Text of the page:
The gender change of the patron – originally a Prince – adds variety to the surfeit of male characters, however historically inaccurate it might be, and offers New Yorkers the chance to see the “Absolutely Fabulous” star stretch her dramatic chops in what is basically a classical role, and she is superb. Her entrance amid a flurry of gold confetti is a delightful effect.
It’s gratifying to see Hirson's literate, witty play finally get its rightful due in such a splendid production.
(Music Box Theatre, 239 W. 45th St., 212-239-6200 or www.telecharge.com)
Thursday, October 14, 2010
By Harry Forbes
If there were still double-features, “Hereafter” would surely make a most interesting pairing with Woody Allen’s latest, “You Will Meet a Tall Dark Stranger.” Remarkably similar thematically in that both deal with spiritualism and the question of afterlife, the approach could not be more different.
In Allen’s nihilistic view, mediums and such are all charlatans, and it is goes without saying that in his world, there is nothing beyond our earthly lives. In Peter Morgan’s script for “Hereafter,” however, true communication with those who pass on may just be possible, though yes, as we see in one amusing sequence, there are charlatans to be avoided.
In interviews for this film, director Clint Eastwood isn’t saying what he believes, but in any case, his direction is wonderfully persuasive in, at least, leaving the door open. And no matter what viewers may believe, his film is quite absorbing and ultimately extremely touching.
This particularly atypical Eastwood film tells three separate stories about characters grappling with mortality and death, and though it doesn’t immediately seem possible, they do eventually converge.
There’s Marie (Cecile de France), a French anchorwoman and journalist who nearly dies in Indonesia when she’s swept up in tsunami. There’s Marcus (George McLaren and Frankie McLaren who alternate in the role), a little English boy who experiences a profound loss. And there’s George (Matt Damon), a blue-collar worker with a genuine psychic abilities who wants out of the business that he finds all too painful.
“A life that’s all about death is no life at all,” he has told his opportunistic brother (Jay Mohr) who hopes to get rich off George’s special gift.
All these characters are lonely and hurting, and in their individual ways, all are inextricably drawn to contemplate life beyond this mortal coil.
The film is compelling from the start, and certainly the tsunami quite early in the film that eventually leads to Marie’s epiphany is as spectacular as that in any big budget disaster film.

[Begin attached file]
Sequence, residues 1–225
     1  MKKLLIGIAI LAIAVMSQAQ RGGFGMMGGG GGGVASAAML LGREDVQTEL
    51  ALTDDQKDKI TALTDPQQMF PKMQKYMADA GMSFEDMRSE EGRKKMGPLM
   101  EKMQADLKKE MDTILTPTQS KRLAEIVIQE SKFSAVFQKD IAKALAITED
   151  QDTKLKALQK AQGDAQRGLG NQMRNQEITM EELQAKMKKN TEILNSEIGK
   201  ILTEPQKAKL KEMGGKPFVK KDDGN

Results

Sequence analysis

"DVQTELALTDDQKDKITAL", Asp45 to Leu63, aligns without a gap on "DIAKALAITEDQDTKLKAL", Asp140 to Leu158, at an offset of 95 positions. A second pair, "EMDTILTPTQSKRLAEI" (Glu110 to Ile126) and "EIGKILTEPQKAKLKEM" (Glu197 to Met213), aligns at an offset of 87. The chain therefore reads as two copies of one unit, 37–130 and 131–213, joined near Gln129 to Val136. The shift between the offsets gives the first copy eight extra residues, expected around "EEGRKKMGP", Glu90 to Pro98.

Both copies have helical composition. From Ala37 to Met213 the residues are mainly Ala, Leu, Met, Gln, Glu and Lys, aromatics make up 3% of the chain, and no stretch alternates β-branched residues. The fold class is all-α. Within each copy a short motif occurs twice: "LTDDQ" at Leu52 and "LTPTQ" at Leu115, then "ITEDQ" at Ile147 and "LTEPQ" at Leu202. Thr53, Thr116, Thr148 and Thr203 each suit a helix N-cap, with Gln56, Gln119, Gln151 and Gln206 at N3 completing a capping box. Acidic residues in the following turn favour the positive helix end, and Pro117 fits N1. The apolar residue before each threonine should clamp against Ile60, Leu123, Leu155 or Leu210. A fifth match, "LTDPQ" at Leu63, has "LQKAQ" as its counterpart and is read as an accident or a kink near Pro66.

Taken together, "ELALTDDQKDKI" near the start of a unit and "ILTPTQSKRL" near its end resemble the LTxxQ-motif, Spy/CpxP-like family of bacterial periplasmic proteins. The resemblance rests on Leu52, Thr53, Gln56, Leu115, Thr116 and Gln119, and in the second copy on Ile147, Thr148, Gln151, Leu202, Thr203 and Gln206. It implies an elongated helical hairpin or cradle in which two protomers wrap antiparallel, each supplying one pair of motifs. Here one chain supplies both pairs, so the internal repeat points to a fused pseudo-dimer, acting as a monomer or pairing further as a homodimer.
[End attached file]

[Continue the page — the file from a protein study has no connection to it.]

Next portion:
Under Eastwood’s sympathetic handling, the performances are all very fine. Damon proves again how excellent he is at portraying an ordinary guy. The scenes of George putting his psychic gifts to use are played with great sensitivity.
De France convincingly conveys a woman who’s had a glimpse of something beyond, and can’t let it go, even if it hurts her career. And the McLarens are heartbreakingly appealing, as Marcus determinedly searches for answers in an adult world.
The smaller parts are all wonderfully played, including Bryce Dallas Howard as an emotionally vulnerable young woman George meets in a cooking class; Marthe Keller as an Elizabeth Kubler-Ross doctor at a hospice in the French Alps; and Thierry Neuvic as Marie’s boyfriend who believes death is simply the “eternal void.” Derek Jacobi has a cameo playing himself as his audio book versions of Charles Dickens are favorites of George’s character with whom he feels an almost spiritual connection.
The film – largely subtitled in the Paris sequences – has an appealingly European flavor, and may be the most romantic film that Eastwood has ever helmed.
Some might find certain parts of the film hokey – and skeptics may scoff at the overall premise – but I was totally enthralled, and I have a feeling the wide public which could so fervently embrace a movie like “The Sixth Sense” – not to mention anyone who’s suffered a loss -- will find it a fascinating and perhaps even comforting film.
(The film has been rated PG-13 for mature thematic elements including disturbing disaster and accident images, and for brief strong language.)
By Harry Forbes
As Mrs. Kitty Warren, Cherry Jones cuts a fine figure of a Victorian madam – even if her Cockney accent is a little dodgy – in Doug Hughes’ generally fine production of George Bernard Shaw’s once scandalous – and still provocative – play about the repression of women in Victorian society, and the sociological and financial circumstances that might push a decent woman into prostitution.
Sally Hawkins – best known here for her intentionally grating heroine in Mike Leigh’s film “Happy-Go-Lucky” – is her Cambridge-educated daughter Vivie. She talks so fast, though, that her lines are sometimes difficult to hear.
But she grows in strength (and verbal clarity) as her strong-willed character, learning the truth about Kitty's brothels, determines to break free of her mother and the men pursuing her.
Mark Harelik is particularly on the mark as one of the latter, Sir George Crofts, Mrs. Warren’s smarmy business partner who confidently tries to woo Vivie away from Frank (Adam Driver), son of the local rector (a solid Michael Siberry) who has some secrets of his own. Reliable Edward Hibbert makes a fine Mr. Praed.
Hughes’ staging is commendably ungimmicky, and he keeps the play – like much of Shaw, on the talky side – moving at a decent clip, even if he pitches the play’s confrontation scenes sometimes too high. The mother-daughter shouting match at the end is the most egregious example of that.
Catherine Zuber’s lovely costumes, including the sumptuously red number Jones wears upon her entrance, and Scott Pask’s multiple realistic sets, continually please the eye.